Sunday 22 October 2017

black magic: caviar survives scare

Marcus Armytage

The history books will show Black Caviar came 10,000 miles, conquered Royal Ascot and went home, possibly into retirement, with her unbeaten record still unblemished standing at 22 wins from 22 starts and having been patted by Queen Elizabeth in the winner's enclosure.

But that does not begin to tell the story of the drama of yesterday's Diamond Jubilee Stakes after jockey Luke Nolen took it too easy on the big mare in the final furlong, stopped riding in the belief he was home and hosed, and only won by flapping the reins in desperation in the last yards.

Around him the two French sprinters Moonlight Cloud and Restiadargent bore down on her as they scented blood and the impossible. The 'wonder' was a head and a neck away from being the blunder from Down Under and it is to Black Caviar's credit that she stuck her long neck out and averted what would have been regarded as one of the most public, and costly, riding errors in racing history.

Skin of teeth was not quite how it was meant to be for the mare backed into 1/6 in what bookmakers described as a worldwide gamble and most traded horse in the 12-year history of Betfair.

"I underestimated the stiffness of the six furlongs here," said an admirably frank Nolen who may well have had to ask for political asylum had the photo gone the other way.

"I let her idle, that big engine shut down and I duly s**t myself. I thought she'd coast but when I relaxed she came right back under me. It took me by surprise. She nearly carted me in Newmarket earlier in the week but she didn't bring that to the races with her."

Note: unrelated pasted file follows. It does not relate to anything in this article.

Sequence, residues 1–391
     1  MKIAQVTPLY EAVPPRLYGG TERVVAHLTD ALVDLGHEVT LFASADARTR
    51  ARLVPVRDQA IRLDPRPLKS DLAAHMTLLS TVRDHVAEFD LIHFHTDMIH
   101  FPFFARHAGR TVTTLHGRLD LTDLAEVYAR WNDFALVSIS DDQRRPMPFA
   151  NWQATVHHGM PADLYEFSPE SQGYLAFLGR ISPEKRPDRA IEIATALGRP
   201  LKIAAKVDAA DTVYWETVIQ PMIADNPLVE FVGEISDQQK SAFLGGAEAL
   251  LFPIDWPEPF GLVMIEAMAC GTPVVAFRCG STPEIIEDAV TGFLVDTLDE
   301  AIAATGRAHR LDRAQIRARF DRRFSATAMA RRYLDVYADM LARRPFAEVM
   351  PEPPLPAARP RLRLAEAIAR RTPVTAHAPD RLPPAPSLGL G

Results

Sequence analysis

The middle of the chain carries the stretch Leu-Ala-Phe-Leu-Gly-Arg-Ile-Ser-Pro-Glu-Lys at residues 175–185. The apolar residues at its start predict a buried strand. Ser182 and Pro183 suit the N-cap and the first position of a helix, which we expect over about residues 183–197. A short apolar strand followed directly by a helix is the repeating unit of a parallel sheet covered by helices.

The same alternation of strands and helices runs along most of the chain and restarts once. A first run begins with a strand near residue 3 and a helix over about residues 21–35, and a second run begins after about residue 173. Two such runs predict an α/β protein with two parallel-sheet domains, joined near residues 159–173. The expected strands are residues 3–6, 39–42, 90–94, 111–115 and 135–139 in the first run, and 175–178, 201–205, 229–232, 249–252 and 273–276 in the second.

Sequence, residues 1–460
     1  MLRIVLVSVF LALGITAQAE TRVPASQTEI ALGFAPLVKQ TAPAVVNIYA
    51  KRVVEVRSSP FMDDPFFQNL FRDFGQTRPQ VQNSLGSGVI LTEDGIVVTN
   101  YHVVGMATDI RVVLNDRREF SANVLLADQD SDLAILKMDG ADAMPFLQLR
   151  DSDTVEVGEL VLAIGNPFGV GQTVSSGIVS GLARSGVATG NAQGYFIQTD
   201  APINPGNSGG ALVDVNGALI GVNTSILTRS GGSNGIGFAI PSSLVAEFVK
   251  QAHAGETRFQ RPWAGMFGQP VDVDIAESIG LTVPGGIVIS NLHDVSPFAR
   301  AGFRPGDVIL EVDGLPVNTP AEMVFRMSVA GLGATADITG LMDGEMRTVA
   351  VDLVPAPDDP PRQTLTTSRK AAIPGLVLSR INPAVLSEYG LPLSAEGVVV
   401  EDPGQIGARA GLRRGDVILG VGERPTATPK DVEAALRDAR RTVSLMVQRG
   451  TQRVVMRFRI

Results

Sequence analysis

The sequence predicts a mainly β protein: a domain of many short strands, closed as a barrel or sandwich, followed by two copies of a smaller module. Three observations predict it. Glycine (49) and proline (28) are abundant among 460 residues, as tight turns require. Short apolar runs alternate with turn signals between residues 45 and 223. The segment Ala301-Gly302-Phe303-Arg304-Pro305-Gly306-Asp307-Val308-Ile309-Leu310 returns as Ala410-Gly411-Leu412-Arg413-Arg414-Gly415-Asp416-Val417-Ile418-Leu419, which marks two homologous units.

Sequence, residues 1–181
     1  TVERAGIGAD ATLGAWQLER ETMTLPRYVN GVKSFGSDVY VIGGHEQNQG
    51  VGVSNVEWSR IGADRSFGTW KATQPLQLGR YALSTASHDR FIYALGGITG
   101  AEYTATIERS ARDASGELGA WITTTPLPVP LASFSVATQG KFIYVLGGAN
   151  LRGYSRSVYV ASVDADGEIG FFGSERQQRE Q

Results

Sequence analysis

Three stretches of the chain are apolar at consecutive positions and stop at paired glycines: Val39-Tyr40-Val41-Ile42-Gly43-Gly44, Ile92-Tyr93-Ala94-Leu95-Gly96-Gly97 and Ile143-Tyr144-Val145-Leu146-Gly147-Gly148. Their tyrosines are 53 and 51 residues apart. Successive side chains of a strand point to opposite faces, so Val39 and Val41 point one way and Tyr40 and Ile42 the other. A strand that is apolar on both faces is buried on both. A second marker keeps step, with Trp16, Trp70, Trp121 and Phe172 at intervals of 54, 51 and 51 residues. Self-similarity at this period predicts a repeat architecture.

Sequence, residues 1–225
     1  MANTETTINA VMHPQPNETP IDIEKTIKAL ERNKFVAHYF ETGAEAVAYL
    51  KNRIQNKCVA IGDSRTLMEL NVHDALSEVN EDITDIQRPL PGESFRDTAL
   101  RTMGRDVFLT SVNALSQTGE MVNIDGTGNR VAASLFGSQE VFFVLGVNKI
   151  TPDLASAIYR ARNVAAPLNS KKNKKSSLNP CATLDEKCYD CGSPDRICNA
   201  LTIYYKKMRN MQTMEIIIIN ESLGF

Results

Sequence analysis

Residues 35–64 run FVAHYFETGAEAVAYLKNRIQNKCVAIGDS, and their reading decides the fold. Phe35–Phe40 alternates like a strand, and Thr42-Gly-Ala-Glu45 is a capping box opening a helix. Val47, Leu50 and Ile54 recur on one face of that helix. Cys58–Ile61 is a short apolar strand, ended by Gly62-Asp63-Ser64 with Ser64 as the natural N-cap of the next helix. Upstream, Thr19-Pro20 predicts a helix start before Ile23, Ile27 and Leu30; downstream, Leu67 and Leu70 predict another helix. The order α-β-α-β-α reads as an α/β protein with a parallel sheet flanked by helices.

The stewards did have a word with him later, merely to remind him of his responsibilities, but he broke no rules. Back home a similar ride would have earned him a big fine and suspension of a fortnight -- and that's just for winning.

Peter Moody, a great trainer, saw some humour in the situation. "Never in doubt," he muttered as he walked into the press conference which had taken on the solemn air of the forensic post-mortem in a Sunday night murder-mystery.

"She never travelled as strongly as she normally does and I had concerns half a mile out. I think Luke was looking after her. I thought she was always in control but she didn't travel as cleanly as I thought she would with her ears pricked. You've seen her race at her lowest ebb for 10 or 12 races.

"It was guts, grit and determination which got her home but I'm disappointed you didn't see how good she is. I think I saw the finest performance I've ever seen on a racecourse on Tuesday (Frankel), and had I seen her here last year I think I'd have been saying the same thing.

"Whether it's by quarter of an inch or quarter of a furlong they are not going to give us any more prize money. She's had a long season followed by a long trip and the owners are to be congratulated.

"If she's tired and worn out when she gets home it could have been her last run.

"We're getting nearer the end rather than the start and she's not getting any better -- she's a six year-old by our time, five by yours, but I'm so proud of her."

It is a memorable race that will be long talked about on both sides of the world.

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